Curtain closes on Victoria's film festival
March 25, 2012 at 8:03 p.m.
Updated March 25, 2012 at 10:26 p.m.
Best actor - William Patrick Ruffin of "The Dynamiter"Best actress - Kelsey Hutton of "5 Shells"Best cinematography - "5 Shells"Best director - Jaded Vavara of "Tumbleweed" Best soundtrack - "Dirty Old Town"Best Feature - "The Dynamiter"Best Short - "The Strange Ones"Best Comedy - "Noreen"Frel's Visionary Award - Clay Patterson and the Filmmakers of "Captured"Best Documentary - "This Way of Life"
The Victoria TX Independent Film Festival provided the perfect stay-at-home vacation for Joye Tripson and her husband, Robert Tripson.
Soft chuckles rippled among the 15 viewers during a humorous scene of the final movie at the independent film festival in Victoria on Sunday afternoon.
The festival was a success, said Staci Robbins, the executive artistic director of the Theatre Victoria and the manager of the Leo J. Welder Center for the Performing Arts, where the bulk of the festival was held.
"From the attendance numbers and the positive feedback to the excitement of artists and filmmakers to participate, I think we've had a great level of success," Robbins said.
Not only did they receive positive feedback from members of the Victoria community, filmmakers came from as far away as New Zealand to participate in the question-and-answer sessions after their work was shown.
In the upcoming week, Robbins, along with festival executive director Anthony Pedone and other event organizers, will reflect on what went well at the film festival and what could be improved as they look forward to the possibility of having a film festival next year.
By the end of the week, they also hope to have determined the financial standing after the festival and calculate the total number of attendees, Robbins said.
The festival was a multicultural experience, Tripson said, with many different story types with excellent acting and music.
While she regrets that most of the films shown at the festival will not be seen in theaters, she hopes to see them on Netflix or HBO.
"Some of them were heart-wrenching stories," Tripson said. "But some were a bit vulgar."
While she accepts that the filmmakers try to accurately portray demographics that use vulgar language, Tripson said, she felt in some instances it was a bit much to hear.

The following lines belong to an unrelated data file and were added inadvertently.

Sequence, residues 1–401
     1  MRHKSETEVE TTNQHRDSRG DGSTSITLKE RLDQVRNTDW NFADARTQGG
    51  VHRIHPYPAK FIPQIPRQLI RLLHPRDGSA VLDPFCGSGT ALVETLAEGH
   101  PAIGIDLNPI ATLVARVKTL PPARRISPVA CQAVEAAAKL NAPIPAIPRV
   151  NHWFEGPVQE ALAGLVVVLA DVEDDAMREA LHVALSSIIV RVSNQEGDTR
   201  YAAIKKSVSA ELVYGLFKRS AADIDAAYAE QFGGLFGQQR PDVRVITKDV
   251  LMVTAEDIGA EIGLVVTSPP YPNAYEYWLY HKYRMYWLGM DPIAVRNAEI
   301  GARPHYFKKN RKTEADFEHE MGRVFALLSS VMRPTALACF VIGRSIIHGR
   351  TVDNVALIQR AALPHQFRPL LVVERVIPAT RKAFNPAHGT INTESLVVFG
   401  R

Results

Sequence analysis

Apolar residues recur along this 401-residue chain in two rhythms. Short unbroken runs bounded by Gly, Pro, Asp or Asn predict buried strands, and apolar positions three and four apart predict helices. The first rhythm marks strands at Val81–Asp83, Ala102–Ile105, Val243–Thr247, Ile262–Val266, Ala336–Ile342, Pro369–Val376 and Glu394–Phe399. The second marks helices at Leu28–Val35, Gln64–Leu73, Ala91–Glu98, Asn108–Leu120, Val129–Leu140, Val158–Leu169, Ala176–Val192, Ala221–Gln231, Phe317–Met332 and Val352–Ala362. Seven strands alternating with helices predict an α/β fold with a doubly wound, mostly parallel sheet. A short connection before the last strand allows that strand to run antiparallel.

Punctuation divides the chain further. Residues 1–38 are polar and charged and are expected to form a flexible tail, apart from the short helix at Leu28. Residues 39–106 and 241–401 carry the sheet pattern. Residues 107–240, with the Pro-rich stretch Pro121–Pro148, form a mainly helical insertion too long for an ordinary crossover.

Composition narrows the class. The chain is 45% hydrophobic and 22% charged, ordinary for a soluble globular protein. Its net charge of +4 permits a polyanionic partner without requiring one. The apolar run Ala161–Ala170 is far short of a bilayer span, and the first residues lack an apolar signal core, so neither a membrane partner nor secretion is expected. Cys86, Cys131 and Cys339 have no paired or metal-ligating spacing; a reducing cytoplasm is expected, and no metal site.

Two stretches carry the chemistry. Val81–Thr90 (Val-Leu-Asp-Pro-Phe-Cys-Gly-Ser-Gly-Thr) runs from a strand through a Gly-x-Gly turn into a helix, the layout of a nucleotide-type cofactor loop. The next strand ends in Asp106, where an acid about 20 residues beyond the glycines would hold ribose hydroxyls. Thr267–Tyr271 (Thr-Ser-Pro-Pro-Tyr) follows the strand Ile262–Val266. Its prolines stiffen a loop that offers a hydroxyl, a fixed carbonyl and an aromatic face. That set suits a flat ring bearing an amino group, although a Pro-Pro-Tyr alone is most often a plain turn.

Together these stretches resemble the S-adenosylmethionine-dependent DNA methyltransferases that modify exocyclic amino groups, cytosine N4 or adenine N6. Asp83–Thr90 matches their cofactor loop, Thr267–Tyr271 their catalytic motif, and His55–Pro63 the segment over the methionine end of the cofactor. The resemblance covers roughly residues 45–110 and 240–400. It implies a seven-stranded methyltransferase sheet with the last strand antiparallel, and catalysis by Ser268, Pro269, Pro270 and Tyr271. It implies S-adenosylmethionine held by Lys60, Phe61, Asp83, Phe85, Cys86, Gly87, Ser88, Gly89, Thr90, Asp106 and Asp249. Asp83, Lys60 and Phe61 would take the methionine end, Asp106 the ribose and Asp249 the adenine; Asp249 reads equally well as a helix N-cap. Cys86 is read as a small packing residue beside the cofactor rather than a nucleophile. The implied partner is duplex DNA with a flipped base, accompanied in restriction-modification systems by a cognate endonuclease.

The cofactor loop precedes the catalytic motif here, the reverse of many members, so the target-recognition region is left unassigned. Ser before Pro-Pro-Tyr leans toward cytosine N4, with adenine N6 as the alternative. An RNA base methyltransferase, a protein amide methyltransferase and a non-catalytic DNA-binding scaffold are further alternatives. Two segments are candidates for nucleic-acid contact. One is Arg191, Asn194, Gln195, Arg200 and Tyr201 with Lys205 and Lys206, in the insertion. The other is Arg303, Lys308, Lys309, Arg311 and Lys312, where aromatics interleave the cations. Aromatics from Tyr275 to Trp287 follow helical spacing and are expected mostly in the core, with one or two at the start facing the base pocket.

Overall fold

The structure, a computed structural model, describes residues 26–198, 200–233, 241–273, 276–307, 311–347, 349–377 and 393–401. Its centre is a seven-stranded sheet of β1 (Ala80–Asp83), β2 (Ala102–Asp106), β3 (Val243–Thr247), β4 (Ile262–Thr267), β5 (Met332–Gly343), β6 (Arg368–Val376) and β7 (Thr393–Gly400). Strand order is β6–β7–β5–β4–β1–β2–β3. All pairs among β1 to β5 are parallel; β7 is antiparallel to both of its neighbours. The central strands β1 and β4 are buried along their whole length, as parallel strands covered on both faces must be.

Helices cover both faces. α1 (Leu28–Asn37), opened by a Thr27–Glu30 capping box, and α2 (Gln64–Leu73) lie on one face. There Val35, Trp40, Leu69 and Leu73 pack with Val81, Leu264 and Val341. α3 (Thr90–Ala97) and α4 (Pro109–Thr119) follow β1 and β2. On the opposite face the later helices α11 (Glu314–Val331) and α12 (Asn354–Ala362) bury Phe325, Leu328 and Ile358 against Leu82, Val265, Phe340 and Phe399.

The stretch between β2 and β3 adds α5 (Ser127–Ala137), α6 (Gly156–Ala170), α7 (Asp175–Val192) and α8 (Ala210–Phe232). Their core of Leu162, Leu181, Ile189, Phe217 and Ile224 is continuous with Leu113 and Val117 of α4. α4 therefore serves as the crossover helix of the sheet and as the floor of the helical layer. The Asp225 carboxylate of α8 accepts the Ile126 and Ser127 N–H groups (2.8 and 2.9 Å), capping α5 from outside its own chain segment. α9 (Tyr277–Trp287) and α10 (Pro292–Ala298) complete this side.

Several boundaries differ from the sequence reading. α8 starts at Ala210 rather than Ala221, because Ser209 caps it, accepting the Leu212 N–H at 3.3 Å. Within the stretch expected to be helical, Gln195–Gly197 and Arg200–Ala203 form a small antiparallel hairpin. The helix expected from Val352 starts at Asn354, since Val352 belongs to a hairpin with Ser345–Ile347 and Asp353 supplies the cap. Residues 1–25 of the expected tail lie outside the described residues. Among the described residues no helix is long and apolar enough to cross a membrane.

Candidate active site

While she is sad to see the festival wind down, Tripson said, she is ready to rest after a long weekend of entertainment.
After anticipating the festival for several months, Bridget Postel, 48, of Victoria, said she was impressed with the way it turned out and with the city of Victoria for supporting it.
Another viewer of the final film, Postel said she had attended "Make Believe" at noon Saturday with several children.
"It was a documentary about six magicians. Extremely enjoyable," Postel said.
In addition to producing a quality film, the festival let the audience meet two of the magicians featured in the film.
"It wasn't just 'come see a film.' They did a good job about getting the filmmakers involved," Postel said.
Two of the subjects who were teenagers in "Make Believe" came from out of state to answer questions and perform a magic show at the Children's Discovery Museum after the documentary was shown.
Also among the 15 viewers of the final movie was O.C. Garza, communications director for the city of Victoria.
"I think it's been great. Very high quality movies - I haven't seen a bad film," said Garza, 57, who saw nine of the films from the festival.
For another attendee, Ashley Jackson, 29, of Victoria, what started out as an extra credit opportunity for an art appreciation class turned into an enjoyable experience.
"I really enjoyed the festival a lot and got way more out of it than I thought I would," Jackson said.